Hands on with the iPad mini

The iPad mini doesnt arrive in stores until November 2, but we got to spend some time with one on Tuesday after Apples media event at the California Theater in San Jose. Our conclusion: Yes, its a small iPadbut theres more (and less) to it than that. Here are our hands-on impressions.

As Apples executives made a point of stressing, the iPad mini is first and foremost an iPad. Sure, when you pick it up, its impressively small and light. But most if not all of the features that youve come to know on the iPad are there on the smaller version as wellheadphone jack, On/Off button, volume controls, Home button, and so on.

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But despite those similarities, its hard to convey how different the experience of the iPad mini is compared to the full-sized models. Its hard to believe, just a couple of years after we first marveled at Apple's tablet, that a full iPad experience fits into a package thats this much smaller and lighter.

And its no less polished or well-designed than its larger brethren. This is not a device that feels cheap; all metal and glass, it's extremely attractive. As with the iPhone 5, it feels like an object that was extruded, not assembled.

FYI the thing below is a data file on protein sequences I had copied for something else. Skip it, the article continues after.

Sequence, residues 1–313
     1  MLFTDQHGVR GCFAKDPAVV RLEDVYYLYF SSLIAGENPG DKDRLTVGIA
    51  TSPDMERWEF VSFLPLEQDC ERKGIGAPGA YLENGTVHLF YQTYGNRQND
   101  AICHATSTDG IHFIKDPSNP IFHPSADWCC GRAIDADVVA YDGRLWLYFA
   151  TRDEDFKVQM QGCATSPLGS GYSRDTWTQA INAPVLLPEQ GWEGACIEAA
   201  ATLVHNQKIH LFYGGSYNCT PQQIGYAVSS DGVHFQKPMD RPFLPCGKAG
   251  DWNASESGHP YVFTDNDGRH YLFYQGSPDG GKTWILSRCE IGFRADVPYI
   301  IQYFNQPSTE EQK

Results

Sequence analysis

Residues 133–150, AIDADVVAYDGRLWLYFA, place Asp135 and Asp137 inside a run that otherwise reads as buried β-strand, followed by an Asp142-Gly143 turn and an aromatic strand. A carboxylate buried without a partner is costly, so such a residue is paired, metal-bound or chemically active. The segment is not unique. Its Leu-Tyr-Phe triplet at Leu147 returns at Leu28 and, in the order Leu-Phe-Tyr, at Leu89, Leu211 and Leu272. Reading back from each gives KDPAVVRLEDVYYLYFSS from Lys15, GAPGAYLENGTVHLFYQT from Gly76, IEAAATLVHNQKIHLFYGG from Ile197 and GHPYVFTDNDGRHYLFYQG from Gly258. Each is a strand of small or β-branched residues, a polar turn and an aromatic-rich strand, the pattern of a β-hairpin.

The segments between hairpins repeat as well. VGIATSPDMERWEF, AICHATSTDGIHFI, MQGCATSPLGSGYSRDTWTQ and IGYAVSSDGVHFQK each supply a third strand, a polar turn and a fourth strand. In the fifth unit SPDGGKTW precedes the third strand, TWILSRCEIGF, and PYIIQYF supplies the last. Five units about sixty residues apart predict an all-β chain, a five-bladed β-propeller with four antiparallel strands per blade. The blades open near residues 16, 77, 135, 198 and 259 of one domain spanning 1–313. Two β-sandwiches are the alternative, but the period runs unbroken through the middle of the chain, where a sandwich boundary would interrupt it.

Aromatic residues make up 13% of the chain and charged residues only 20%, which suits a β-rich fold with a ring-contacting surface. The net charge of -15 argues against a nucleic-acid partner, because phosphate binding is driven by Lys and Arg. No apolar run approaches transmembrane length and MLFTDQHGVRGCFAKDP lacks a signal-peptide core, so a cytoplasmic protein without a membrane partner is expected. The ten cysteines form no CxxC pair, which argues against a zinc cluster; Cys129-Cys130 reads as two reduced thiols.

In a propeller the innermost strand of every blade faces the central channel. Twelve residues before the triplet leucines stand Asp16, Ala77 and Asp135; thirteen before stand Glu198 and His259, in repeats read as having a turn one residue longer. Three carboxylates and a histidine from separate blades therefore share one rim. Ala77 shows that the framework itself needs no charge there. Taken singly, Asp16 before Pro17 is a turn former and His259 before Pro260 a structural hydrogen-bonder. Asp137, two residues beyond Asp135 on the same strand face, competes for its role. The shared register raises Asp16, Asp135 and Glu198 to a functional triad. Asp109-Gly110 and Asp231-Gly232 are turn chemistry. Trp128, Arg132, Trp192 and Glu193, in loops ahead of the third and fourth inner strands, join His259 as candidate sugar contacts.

The color scheme reinforces that feeling. Like the iPhone 5, the iPad mini comes in black (with a dark back and sides) or white (with a silver back and sides); these arent the multicolored hues of the iPod nano or iPod touch.

Fits in your hand

Apple made a trade-off when it designed the original iPad with a 10-inch display: that big screen (and its weight) made the original too bulky to be held in one hand. It was and is a great two-handed device (or a one-hand-and-propped-on-your-lap device), but it isn't palmable.

The iPad mini most definitely is. If youve got small hands and want to hold it in landscape orientation, you may find it a bit of a stretch. In portrait mode, its easy to grip the bottom bezel between thumb and finger, the way you might hold a book. The iPad mini is so light that holding it this way feels perfectly natural. Its so small and light that we think kids will love it.

Unlike previous iPads, the iPad minis bezel isnt the same size all the way around: In portrait orientation, the left and right bezels are substantially thinner, as on an iPhone. Putting your thumb on it means touching the touchscreen. We suspect that Apple felt slimming down the bezel was an acceptable option, given that the iPad mini is light enough to hold in one hand.

In landscape orientation, the larger bezels are on the sides, giving you plenty of room to grab on with those opposable thumbs of yours.

However, while the iPad mini is small and light enough to hold in one hand, we do wonder how easy itll be to use singlehandedly. Swiping and tapping with a thumb, as you might on an iPhone, is possible but awkward.

(We also wonder whether the more limited range of motion on a one-handed iPad mini might lead app developers to redesign their interfaces; an Apple representative we talked to suggested that the new continuous-scrolling mode in Apples own iBooks app may have been introduced specifically to make it easier for iPad mini users to read without having to stretch their thumbs to make a page-flip gesture.)